Next, it’s time to decorate your container (if you wish) and gather your memories. Since this activity is meant to be part of a healing ritual, you might write a letter or record a video message for your loved ones individually or as a family. This may be for a special occasion or for a later date in general.
For your message, record a favorite memory. Share funny stories. Give words of wisdom that you think they may need after you are gone. Share how proud you are of them and what they mean to you. Then, gather photos, drawings, trinkets, clothing, or other cherished items. Find the items that are meaningful to you and place them in the container.
If you are planning to store your capsule outdoors, consider using good paper and permanent ink. Try not to use paper clips, staples, or rubber bands because they will rust or break with age. Consider placing photos and other paper items into plastic sleeves to further protect them.
WARNING: Make sure you don’t include flammable materials or anything else that may cause damage, such as liquids, food products, matches, or lighters.
4. Set a date.
Typically, capsules are left closed for several years, but you can do whatever works best for your family. For example, if you are putting together a memory capsule for a loved one’s future birthday, Christmas, or wedding, they may open it within one year or it may be several years down the road. The most important thing is to select a time frame and make sure that everyone participating knows what the time frame is.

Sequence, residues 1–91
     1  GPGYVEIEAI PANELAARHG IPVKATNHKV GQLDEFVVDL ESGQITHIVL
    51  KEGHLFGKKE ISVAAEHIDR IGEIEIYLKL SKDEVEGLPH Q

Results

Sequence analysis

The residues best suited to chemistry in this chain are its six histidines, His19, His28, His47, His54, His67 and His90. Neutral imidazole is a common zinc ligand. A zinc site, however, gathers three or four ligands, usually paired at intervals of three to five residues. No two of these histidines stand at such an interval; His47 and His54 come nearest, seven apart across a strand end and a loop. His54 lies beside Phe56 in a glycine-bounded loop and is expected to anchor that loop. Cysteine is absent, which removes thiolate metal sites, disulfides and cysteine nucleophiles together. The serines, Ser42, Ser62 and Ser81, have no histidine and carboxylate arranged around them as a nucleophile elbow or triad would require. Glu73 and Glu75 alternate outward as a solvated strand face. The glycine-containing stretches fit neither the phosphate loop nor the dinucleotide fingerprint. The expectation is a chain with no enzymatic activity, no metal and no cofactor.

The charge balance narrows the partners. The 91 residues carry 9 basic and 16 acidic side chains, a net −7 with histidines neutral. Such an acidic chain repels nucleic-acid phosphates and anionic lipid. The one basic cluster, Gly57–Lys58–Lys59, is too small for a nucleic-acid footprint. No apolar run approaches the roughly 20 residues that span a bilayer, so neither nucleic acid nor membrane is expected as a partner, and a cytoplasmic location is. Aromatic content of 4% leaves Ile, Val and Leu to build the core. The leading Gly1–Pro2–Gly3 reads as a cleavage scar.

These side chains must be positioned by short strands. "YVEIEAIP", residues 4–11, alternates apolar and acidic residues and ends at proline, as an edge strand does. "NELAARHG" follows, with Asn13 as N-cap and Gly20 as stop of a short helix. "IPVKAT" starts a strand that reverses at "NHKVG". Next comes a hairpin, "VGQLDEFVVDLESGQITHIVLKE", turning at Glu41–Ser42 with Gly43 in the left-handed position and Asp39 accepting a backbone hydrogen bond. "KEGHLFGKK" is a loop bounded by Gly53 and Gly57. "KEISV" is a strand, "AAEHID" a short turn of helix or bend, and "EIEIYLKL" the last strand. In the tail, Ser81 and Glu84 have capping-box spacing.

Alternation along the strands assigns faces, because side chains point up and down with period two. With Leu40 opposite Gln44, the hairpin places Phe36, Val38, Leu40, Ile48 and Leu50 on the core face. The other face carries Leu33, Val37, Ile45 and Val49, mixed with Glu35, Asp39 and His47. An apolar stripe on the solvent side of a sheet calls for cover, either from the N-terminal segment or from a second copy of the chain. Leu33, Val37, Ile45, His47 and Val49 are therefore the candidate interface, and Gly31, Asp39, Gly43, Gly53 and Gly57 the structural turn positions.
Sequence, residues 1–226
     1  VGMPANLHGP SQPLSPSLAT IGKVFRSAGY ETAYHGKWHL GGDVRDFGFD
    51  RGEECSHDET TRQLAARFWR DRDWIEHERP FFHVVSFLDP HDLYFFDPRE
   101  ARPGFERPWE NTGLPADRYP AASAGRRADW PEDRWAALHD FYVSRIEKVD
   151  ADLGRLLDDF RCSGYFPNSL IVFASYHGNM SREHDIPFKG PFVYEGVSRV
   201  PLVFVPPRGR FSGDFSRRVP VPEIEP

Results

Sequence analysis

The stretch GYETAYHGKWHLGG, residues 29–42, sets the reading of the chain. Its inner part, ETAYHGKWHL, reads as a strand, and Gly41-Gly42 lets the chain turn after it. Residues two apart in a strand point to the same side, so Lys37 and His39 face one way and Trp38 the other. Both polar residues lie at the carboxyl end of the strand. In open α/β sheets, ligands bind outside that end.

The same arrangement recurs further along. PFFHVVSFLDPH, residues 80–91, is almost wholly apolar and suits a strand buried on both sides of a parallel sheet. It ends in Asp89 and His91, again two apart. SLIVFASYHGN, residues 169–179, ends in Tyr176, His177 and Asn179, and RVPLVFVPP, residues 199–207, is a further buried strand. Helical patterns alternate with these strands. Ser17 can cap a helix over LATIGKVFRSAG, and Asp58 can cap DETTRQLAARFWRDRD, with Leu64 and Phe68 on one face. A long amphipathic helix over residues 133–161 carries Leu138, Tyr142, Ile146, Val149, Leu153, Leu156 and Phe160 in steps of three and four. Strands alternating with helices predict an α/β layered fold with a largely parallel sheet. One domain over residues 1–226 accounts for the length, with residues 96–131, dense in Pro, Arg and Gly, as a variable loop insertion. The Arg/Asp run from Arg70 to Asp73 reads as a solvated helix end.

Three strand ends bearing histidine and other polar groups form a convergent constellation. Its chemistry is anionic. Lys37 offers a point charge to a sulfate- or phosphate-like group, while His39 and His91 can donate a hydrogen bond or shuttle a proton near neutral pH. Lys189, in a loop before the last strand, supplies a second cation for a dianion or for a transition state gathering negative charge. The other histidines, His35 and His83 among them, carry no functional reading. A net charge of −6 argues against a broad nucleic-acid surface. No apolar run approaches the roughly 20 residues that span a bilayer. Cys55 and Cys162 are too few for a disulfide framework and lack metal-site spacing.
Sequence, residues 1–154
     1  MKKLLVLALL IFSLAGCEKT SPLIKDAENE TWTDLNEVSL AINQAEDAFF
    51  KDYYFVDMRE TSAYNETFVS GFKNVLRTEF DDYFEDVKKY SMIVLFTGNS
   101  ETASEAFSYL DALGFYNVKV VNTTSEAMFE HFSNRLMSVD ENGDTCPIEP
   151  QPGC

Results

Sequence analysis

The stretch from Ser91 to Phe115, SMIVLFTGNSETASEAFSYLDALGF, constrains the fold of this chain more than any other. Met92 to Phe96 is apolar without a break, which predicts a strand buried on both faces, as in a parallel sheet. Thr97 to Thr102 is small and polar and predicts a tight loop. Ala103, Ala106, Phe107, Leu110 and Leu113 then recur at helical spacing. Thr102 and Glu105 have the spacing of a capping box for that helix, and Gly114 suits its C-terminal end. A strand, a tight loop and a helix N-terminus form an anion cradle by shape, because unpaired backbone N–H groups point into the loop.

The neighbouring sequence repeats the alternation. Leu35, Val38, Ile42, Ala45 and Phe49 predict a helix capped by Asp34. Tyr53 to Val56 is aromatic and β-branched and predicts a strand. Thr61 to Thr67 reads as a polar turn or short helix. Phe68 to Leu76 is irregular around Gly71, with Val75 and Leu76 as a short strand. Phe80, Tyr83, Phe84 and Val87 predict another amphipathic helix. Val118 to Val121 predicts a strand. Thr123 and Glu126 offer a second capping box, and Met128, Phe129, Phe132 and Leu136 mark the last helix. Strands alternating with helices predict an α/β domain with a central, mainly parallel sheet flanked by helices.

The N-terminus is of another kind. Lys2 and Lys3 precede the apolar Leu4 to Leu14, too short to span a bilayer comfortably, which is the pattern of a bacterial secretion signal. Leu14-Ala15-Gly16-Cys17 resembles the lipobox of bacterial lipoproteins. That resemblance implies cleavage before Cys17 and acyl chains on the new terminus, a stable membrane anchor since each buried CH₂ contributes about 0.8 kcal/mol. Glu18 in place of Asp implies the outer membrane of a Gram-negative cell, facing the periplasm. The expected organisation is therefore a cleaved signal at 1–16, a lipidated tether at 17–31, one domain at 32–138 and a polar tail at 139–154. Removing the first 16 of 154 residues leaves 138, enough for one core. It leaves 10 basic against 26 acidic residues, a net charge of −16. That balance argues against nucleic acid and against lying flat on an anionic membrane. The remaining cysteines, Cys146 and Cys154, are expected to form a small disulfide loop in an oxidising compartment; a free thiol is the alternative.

5. Seal your container and store it.
Once you have gathered letters, messages, and memorabilia, all that’s left is sealing the container. After that, store it away until the agreed upon date. You can even write a “Do not open until” date on the outside. Enlist the help of two or three other family members so that your plans and wishes are known. For extra protection, seal the container with tape or a lock. If you are writing several letters for future dates, such as birthdays, anniversaries, holidays, or big future life milestones, entrust those letters to a family member who will deliver them at the appropriate time.
Helping Your Loved Ones on Their Grief Journey
It may be difficult to think of all the special moments you may miss. The process of putting together messages and mementos can be very emotionally demanding. But in the end, it is worth it.
Dr. Alan Wolfelt, a nationally respected grief counselor and educator, says this about grief: “From my own experiences with loss as well as those of thousands of grieving people I have companioned over the years, I have learned that we cannot go around the pain that is the wilderness of our grief. Instead, we must journey all through it, sometimes shuffling along the less strenuous side paths, sometimes plowing directly into the black center.” So, as you confront your emotions head on, you will begin to actually deal with them and find a way to move toward healing and eventually reconciliation.
Just remember, you’re not alone on the journey. Lean on your loved ones. Talk to your family and/or friends. While they may not always understand what you’re thinking or feeling, they love you and can be a source of support through the process of saying your goodbyes.